and why do we think Obama would be better for foreign policy? any concrete reasons? or just cos he’s black? It would be a better post if something definitive were actually posted.

    12. Desi Italiana — on 24th January, 2008 at 8:31 pm  

      “Who Can Implement Change? Obama v Hillary”

      As a humble American voter, IMO, neither.

    13. douglas clark — on 24th January, 2008 at 8:56 pm  

      Soru,

      So, logically they should all vote for John Edwards?

    14. soru — on 25th January, 2008 at 1:10 am  

      I don’t know any more about Edwards than the ‘milk-shake’ one-liner above. I guess as he hasn’t imposed himself on the campaign, he likely wouldn’t be much better at presenting his arguments while president.

      Unless something changes, he pretty much has ‘VP’ written all over him.

    15. douglas clark — on 25th January, 2008 at 2:38 am  

      Soru,

      Neither do I. I expect that, if Obama does break through the Clinton machine, then you are right. Edwards for VP. Edwards is too left wing to be mainstream in the USA, sadly. I’d like to be proven wrong on that, incidentally.

      These guys, US voters, have a unique set of prejudices, like a lack of gun control, a belief that their nation state can do no wrong, etc, etc. If you want to be President you have to play along with some of that at least.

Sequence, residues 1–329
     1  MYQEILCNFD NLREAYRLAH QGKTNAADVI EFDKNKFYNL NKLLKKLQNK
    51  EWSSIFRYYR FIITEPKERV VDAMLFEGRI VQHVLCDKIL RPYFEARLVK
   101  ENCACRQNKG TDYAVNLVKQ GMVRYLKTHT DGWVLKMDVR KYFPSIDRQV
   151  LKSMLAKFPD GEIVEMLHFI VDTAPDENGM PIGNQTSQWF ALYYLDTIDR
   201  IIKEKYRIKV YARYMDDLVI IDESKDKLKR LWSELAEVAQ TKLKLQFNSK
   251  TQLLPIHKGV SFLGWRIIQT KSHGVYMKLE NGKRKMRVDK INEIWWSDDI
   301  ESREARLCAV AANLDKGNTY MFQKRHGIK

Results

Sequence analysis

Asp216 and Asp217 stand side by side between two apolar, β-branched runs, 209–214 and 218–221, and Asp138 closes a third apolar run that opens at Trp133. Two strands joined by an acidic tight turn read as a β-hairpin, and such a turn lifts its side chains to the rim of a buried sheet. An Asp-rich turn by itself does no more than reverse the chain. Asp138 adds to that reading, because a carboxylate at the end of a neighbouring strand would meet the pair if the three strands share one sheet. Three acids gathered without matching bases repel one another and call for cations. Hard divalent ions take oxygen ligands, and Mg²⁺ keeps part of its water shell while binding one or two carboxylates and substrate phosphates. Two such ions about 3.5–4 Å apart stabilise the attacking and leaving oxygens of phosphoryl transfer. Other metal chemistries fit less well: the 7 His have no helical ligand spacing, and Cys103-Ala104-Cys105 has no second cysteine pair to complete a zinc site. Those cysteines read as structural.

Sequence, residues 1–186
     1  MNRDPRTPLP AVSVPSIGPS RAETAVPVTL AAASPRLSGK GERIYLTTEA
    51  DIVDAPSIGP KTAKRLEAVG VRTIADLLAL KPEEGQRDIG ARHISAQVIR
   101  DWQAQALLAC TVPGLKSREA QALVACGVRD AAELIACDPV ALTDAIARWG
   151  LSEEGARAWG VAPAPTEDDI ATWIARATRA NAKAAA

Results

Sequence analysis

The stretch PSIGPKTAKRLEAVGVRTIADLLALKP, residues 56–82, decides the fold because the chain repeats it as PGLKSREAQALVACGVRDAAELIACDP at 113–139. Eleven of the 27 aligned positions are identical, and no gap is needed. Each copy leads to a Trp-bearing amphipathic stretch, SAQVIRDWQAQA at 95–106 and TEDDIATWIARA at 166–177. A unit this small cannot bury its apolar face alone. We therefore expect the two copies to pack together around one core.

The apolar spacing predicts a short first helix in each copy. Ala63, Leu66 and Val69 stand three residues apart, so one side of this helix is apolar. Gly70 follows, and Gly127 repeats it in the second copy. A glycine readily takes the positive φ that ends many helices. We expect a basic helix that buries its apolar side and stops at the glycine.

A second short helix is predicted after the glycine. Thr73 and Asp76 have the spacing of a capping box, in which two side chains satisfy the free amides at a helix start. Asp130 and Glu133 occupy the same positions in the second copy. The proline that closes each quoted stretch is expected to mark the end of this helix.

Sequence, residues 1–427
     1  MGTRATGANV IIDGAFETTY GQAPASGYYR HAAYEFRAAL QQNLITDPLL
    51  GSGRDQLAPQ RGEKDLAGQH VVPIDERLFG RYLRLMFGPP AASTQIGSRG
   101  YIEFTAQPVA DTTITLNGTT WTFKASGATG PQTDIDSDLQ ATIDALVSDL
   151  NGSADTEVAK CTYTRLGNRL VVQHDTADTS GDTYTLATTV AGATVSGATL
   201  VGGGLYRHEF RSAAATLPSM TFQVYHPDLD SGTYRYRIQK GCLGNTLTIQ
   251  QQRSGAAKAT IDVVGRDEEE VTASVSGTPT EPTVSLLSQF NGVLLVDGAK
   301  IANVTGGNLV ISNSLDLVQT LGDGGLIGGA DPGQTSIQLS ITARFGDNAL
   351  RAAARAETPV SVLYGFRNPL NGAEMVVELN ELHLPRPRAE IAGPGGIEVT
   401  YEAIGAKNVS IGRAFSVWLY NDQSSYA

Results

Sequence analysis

16. shariq — on 26th January, 2008 at 1:20 am  

      Soru, Edwards is a pretty interesting character. His campaign in 04 was built on a centrist, sunny optimism. Since then he’s become quite vocal on increasing inequality and injustice in america.

      A lot of progressives seem to appreciate the fact that by coming up with detailed policy proposals from the outset, he’s forced obama and clinton into more progressive positions.

      Personally I’m not convinced that he’s too left wing to be mainstream in america. For one thing I don’t think that their are that many people who don’t think Edwards could beat a Republican in the general election.

      Unfortunately for him, I think that with Clinton taking the mainstream vote and Obama being the inspirational, reform candidate, Edwards has been squeezed out despite the amount of time he spent in Iowa.

      Finally, I agree with people who think Edwards would be best as a crusading attorney-general. this would set him up much better for future elections than being the veep.